The National Graflex

Lunchbox or sophisticated well equipped all round camera?

The National Graflex was patented in the year 1934 by William H. Petit and Edson S. Hineline for Graflex Inc.

The National Graflex was marketed as a camera more or less suitable for woman because of its small size. However not easy to handle for amateur photographs. Unlike previous Graflexes, it has a self capping curtain, recalling European designs. The camera has a lot of features such as direct full view focusing by the mirror and ground glass. No more composition guess work. Takes ten pictures 2 x 2 inch on 120 film- 8 Exposures roll film.  Focal plane shutter. B&L Tessar series 1 c f=3,5. Graflex exposure guide shows correct shutter speed and lens setting for all conditions. Interchangeable lens. Remove the lens by lifting the nickel finished hors shoe clip directly back of the focusing lever free from the lens board.

   

A very nice and handsome design, but...

There are however a "few" things that need to be taken care of. 

You may ruin this camera if you do not respect the roll film type. It has to be the 120 type spool with the bigger hole at the end of the spool. The picture below shows the one with the wooden pivot is the right one. The other spool would not fit exactly into the film holder reason why the camera would not fit anymore into the housing.  Trying to close the camera with force may lead to oust the mirror house which disables the release of the mirror. 

 

Always open the lens door before opening the top cover.

Open the lens door by pressing down the lock button on the front side with thumb nail, Do not press in against the door when releasing it. To make sure the door is locked in open position press down light on the lens door base. Now slide the cover button C to the left. When the cover opens, the focusing hood automatically erects itself.

See that the mirror is set in focusing position with the knob K back before closing the camera.

Do not turn the shutter winding knob "J" while lens is folded in the camera.

Loading Film

Pull bulb release lever (I) to make sure shutter is released. Close cover slide bottom catches R to (O) open. Separate inner from outer case. Open cover.

Insert empty spool in spool chamber under winding knob B so that the slot engages properly. Remove sticker from film. Holding film release knob in direction of arrow, unroll sufficient film to reach take up spool. Thread into long slot with red paper spaced evenly between flanges. Turn the winding knob B until the film is taut.

Place the bottom case back on the camera making sure that it is seated against the top. While pressing the bottom firmly into place slide the catches R toward (C)  closed. 

While holding film release F in direction of arrow, wind the film with knob B until number 1 appears in the center of the ruby window W

Holding the release F toward arrow, pull up on the indicator knob G permitting it to turn freely until the pointer is just clear of the starting position S toward the number 9. Release F and turn winding knob B until the film is wound taut. The film is now in position for the first exposure.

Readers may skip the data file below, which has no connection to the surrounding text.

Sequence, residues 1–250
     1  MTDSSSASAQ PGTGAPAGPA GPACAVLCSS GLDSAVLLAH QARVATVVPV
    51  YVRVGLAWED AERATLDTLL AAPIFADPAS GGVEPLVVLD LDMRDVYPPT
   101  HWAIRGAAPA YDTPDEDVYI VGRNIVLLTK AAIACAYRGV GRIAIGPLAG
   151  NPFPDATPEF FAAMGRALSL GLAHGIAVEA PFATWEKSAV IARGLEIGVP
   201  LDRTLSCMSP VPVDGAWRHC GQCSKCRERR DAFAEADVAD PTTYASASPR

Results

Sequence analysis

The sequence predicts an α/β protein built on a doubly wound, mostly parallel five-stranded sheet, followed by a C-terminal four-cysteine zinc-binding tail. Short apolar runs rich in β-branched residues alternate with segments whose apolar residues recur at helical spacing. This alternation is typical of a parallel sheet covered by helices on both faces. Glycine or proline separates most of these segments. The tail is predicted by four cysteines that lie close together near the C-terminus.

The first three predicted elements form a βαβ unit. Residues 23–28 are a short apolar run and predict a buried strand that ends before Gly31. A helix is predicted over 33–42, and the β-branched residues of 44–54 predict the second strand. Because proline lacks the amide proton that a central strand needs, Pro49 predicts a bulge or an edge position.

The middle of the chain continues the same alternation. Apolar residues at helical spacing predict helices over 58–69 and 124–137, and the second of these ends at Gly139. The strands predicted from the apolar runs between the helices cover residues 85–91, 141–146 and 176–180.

We skip determining the correct speed number and focusing to continue with 

Setting the shutter.

First with the mirror set in the viewing position (knob K back) turn the Shutter Winding Knob (J) in a clockwise direction as far as possible.

To change shutter from a higher to a lower number, pull up on winding knob (this will separate outside knurled ring) and turn it clockwise direction until desired number is aligned with the white marker on outside ring (slight pressure required). Drop ring flush with knob. 

To change from a lower to a higher number pull up on knob and turn outside knurled ring in counter clockwise direction. Drop ring flush with knob. 

DO NOT TRY TO CHANGE THE SPEED NUMBER WHILE THE SHUTTER IS RUN DOWN.

ALWAYS WIND FIRST.

First wind the shutter by turning the wheel which is under tension so don't let it slip. Then choose one of the 9 shutter speeds.  (There is a table which gives the values (1/30th to 1/500th sec) Unlike the traditional Graflex focal plane shutter which has 6 slits and 6 different tensions, the National has a focal plane shutter which travels always at the same speed. The shutter speed can be controlled by changing  the width of the slit. On the inside of the cover you'll find a quite interesting exposure calculator using  variables such as the Time of Day, Dull Hazy of Bright and the months of the year for groups, portraits, street landscape etc, etc. Inside the pop up hood there is a build in magnifier for fine tuning the focused image on the ground glass.

Series I

Series II 

Several mechanical improvements were made, such as a provision for cable release and the mirror cocking lever from right to left.

I took off the focusing hood off for a better view on the controls. 

 

When you have made an exposure re-set the mirror and wind the film as follows: Press the film lock release F toward arrow. This unlocks the film measuring device ; wind the film by turning the knob B in clockwise direction until the film is taut.( It is unnecessary to hold the release (F) while winding the film.)  The indicator hand will point "2" You are now ready for the next exposure.

 

 


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